Inflammatory markers: Inflammation is increasingly considered as a risk factor involved in cardiovascular disease and metabolic diseases. Several acknowledged markers can be routinely measured from blood samples such as C-reactive protein (CRP), IL-1, IL-6 and tumour necrosis factor α. Interesting changes have been reported after acute meal challenge (Nappo et al., 2002; Schaefer et al., 2005; Blackburn et al., 2006).
Vascular reactivity: This is a new marker of the dynamic capacity of the blood vessel wall to adapt to metabolic changes and thus, of cardiovascular risk. Although numerous methods have been developed for studying vascular tone in vivo, two non-invasive measures have received the most widespread use and recent attention. These are flow-mediated dilation of the brachial artery, a marker of endothelial health and integrity and, to a lesser extent, total peripheral vascular resistance, a measure of systemic vascular constriction and an index of myocardial workload (after load). More recently, a non-invasive technique using increased shear stress to stimulate release of nitric oxide and dilation of the brachial artery has been developed to assess endothelial function (Raitakari and Celermajer, 2000).
Oxidative stress: The postprandial state is generally associated with elevated triglyceride and glucose concentrations as well as increased oxidative reactions. Damage to cellular structures such as proteins, carbohydrates, nucleic acids and lipids can result from oxidative processes during this time. Increased postprandial oxidation is a major contributor to atherosclerosis and endothelium dysfunction (Bae et al., 2001). Today, many in vitro and ex vivo assays exist for the assessment of oxidative stress and have been described in detail elsewhere (Moore and Roberts, 1998). Simple and inexpensive in vitro/ex vivo antioxidant capacity assays are highly accessible and easily automated for high throughput. It has been reported that the increased consumption of fruits, vegetables and vitamin C can increase the serum/plasma antioxidant capacity as measured using various systems such as the oxygen radical absorbance capacity assay, trolox-equivalent antioxidant capacity assay and ferric-reducing ability assays.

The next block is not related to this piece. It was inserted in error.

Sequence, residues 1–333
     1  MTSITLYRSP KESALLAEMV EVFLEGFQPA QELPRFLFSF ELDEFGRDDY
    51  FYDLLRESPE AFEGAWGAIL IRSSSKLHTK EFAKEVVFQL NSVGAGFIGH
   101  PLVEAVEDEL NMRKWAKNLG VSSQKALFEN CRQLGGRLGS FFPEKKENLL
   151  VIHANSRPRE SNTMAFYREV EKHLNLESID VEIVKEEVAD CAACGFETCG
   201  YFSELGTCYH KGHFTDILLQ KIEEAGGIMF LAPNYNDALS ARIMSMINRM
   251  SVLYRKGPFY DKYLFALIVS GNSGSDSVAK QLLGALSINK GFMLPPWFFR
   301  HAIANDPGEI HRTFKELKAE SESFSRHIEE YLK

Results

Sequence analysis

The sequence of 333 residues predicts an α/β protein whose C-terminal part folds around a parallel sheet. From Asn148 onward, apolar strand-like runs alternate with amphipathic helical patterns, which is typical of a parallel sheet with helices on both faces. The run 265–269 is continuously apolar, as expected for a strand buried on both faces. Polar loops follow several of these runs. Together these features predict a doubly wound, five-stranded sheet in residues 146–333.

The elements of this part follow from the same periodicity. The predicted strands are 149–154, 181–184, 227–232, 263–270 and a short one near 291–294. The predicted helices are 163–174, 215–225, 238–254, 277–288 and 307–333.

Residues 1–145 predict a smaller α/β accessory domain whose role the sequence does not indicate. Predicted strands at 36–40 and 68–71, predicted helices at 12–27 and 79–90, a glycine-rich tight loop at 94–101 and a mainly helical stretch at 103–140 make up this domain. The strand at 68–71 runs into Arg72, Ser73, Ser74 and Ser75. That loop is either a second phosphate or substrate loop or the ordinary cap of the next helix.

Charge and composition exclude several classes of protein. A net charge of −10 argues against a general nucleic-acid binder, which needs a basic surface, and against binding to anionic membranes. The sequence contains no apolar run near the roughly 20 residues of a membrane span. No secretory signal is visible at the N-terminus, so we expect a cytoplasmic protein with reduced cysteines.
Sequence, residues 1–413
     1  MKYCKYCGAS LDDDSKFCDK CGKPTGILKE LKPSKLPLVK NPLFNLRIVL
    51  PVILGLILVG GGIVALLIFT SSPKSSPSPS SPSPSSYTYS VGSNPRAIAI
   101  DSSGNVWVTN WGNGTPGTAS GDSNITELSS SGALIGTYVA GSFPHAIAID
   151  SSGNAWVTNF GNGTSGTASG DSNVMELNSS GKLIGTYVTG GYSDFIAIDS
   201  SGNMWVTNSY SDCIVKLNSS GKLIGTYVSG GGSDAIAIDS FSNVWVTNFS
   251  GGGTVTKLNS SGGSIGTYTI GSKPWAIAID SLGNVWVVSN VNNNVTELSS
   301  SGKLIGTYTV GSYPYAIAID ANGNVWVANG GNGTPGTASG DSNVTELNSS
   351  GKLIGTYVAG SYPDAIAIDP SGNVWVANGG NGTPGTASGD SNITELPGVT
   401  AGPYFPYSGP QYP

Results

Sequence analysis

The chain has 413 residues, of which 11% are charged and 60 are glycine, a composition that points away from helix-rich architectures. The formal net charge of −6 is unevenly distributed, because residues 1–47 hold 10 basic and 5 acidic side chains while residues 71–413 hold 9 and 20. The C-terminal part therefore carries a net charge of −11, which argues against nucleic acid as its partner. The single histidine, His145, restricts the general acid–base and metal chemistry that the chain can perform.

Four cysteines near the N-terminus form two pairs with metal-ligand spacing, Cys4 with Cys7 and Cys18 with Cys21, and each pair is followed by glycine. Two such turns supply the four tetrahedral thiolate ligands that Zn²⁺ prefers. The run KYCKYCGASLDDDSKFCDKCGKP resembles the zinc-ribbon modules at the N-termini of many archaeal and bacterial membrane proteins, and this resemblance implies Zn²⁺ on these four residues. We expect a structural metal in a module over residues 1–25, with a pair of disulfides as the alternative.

Fasting markers of postprandial lipid metabolism
As postprandial studies are time consuming and costly, it is tempting to search for reliable markers that can be measured in the fasting state to predict the level of postprandial lipid response.
Up to now, elevated fasting triglyceridaemia is the only fasting marker clearly associated with exacerbated and possibly delayed postprandial lipid response (Patsch et al., 1983; Cohn et al., 1988b; Mekki et al., 1999). Nevertheless, the amplitude of postprandial lipid response cannot precisely be predicted by fasting triglyceride levels. Also, several studies report that some fasting normotriglyceridaemic subjects display an abnormal exacerbated postprandial response (Couillard et al., 1998; Mekki et al., 1999).
Interesting but somewhat less investigated reproducible relationships have been found for fasting plasma HDL cholesterol (Patsch et al., 1983; Sharrett et al., 2001), fasting apoA-IV level (Verges et al., 2001), fasting apoCIII level (Mekki et al., 1999; Tiret et al., 2000) or fasting apoB-48 level (Smith et al., 1997).
Timing of sampling and measurements
At entry to the investigation unit, subjects lie in a rested position for a short period (10 min). An indwelling catheter is placed into the antecubital vein to allow frequent blood sampling with minimal discomfort for the subject.
It is essential to have accurate measurements of parameters of interest at baseline, usually after an overnight fast. One (or preferably two) fasting samples are collected within 15 min before the intake of the test meal.
Standard single test